The best Catholic blogger in the world is — I think, at present — a gentleman who came into the One Holy Catholic and Apostolic quite recently, through the Anglican Ordinariate. His blog is entitled, Fr Hunwicke’s Mutual Enrichment (and may be found here). It is a daily fund of liturgical information, encompassing the history and theology of the Church, delivered with the sort of authoritative wit we once associated with Oxford, and still might since he apparently resides there. (I know the man not, personally, construing what I can from his blog.)
More than any other link on the Internet, Hunwicke is responsible for my recent silences. I post this only to call attention to him, and send my readers thence on days when I discover myself too gobsmacked by “events” to know what to say, so sit here pondering, stupidly.
His learning aside, I wish to call attention to Hunwicke’s “attitude.” One might almost describe it as a “totally engaged, droll aloofness.” There is no question that he cares passionately about what he is teaching. Notwithstanding, he stops short at what can be homiletically taught. Yet what can be taught he lays on “with a trowel” — that useful tool of gardener and builder. (See his recent post in which he suggests our Pope, now that he has everyone’s attention, might want to do the same in an encyclical triumphantly affirming Catholic teaching on the family.)
As to Hunwicke’s “style,” I can easily imagine readers who would not like it. Some will think it flippant, which is their constitutional right. It is unmistakably intelligent, and so requires full attention. Latin and even Greek phrases are wantonly sprinkled, and not all of them are translated. Most controversially, the man is satirical. He is gently so, but post-modern man is almost allergic to genuine satire, as opposed to the sarcastic parody by which it has been displaced. Satirical humour in the broader sense — float like a butterfly, sting like a bee — is generally avoided, as not obvious enough. It is also frequently condemned, where it cuts to the quick of truths we are avoiding.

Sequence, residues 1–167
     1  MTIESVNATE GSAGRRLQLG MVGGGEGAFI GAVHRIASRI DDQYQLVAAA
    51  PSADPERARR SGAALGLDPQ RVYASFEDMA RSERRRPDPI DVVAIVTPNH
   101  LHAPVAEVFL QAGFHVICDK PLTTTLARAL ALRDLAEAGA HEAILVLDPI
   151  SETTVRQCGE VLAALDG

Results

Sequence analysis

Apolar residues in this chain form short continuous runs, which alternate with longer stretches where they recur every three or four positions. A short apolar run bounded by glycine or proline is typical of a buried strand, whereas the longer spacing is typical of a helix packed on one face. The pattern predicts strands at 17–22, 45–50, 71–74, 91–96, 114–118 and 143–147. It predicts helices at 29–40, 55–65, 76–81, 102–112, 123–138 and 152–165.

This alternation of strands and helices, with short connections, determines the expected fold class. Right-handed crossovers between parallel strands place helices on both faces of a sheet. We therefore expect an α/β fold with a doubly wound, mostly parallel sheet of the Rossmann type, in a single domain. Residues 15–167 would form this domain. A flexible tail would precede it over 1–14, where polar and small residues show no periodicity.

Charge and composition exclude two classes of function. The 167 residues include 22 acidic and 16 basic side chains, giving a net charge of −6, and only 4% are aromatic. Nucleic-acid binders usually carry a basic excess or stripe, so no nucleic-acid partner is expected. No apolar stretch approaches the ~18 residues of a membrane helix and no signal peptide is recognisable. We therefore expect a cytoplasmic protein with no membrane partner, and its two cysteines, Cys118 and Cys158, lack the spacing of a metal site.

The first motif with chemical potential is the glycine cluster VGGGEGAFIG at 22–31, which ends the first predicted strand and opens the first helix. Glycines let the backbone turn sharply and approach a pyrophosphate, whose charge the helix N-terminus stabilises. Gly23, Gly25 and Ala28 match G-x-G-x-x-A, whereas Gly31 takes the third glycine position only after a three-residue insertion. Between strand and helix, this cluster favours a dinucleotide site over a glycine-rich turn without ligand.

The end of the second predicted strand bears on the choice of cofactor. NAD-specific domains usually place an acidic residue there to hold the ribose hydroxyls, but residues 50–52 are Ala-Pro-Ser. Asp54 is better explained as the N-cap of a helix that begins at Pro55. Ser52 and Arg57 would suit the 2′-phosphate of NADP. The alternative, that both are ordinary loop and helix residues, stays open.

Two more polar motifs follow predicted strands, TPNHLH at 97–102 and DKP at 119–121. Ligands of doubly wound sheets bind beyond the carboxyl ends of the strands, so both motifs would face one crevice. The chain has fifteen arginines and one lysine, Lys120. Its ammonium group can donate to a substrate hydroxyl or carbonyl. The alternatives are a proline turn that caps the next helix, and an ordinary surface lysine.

Let me trowel that point for a moment. To my mind, the difficulty goes back to the Reformation. Before that, people would be occasionally burnt at the stake for heresy. Or rather, since we are all heretics at one level or another, for preaching heresy, persistently and contagiously and in spite of the third warning. Whereas, after the Reformation, people were burnt mostly for satire, instead: for not taking statesmen and the state’s churchmen seriously enough.
The remarkable freedom with which mediaeval man (including woman) satirized the hypocrisies and other moral failings of monks, nuns, priests, bishops, even popes and anti-popes, is a matter of record to those who can read. (May I suggest Piers Plowman, for starters.) To this day, there remain traces in certain political constitutions of Europe, in old Hapsburg realms and those of the Holy Roman Empire, wherein the freedom to satirize is specifically affirmed. (See constitutions of Germany and Italy.) For this was among the mediaeval rights of man. What you weren’t allowed to do is question the long-received doctrines and dogmas of Holy Church. Powerful men you could mock, including clerics; but Christ you could not mock.